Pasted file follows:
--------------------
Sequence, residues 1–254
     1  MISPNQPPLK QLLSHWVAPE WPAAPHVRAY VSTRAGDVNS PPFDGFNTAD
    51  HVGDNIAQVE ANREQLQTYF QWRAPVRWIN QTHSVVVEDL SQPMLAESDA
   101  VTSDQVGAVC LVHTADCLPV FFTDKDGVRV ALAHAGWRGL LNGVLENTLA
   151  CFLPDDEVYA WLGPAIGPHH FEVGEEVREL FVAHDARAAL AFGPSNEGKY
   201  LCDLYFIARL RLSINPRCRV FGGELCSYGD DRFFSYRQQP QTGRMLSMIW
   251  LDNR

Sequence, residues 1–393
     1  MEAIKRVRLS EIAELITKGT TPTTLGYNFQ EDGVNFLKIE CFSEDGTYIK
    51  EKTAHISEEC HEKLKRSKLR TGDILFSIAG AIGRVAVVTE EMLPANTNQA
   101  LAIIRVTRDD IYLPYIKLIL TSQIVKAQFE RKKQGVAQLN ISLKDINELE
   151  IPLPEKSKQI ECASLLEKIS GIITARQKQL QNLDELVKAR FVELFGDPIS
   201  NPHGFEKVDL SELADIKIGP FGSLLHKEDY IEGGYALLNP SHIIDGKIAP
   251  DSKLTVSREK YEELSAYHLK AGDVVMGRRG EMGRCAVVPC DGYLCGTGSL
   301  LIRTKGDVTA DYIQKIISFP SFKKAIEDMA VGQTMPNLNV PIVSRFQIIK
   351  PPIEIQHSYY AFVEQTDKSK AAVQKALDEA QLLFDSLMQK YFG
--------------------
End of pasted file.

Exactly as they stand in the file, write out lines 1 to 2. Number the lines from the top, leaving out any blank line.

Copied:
Sequence, residues 1–254
     1  MISPNQPPLK QLLSHWVAPE WPAAPHVRAY VSTRAGDVNS PPFDGFNTAD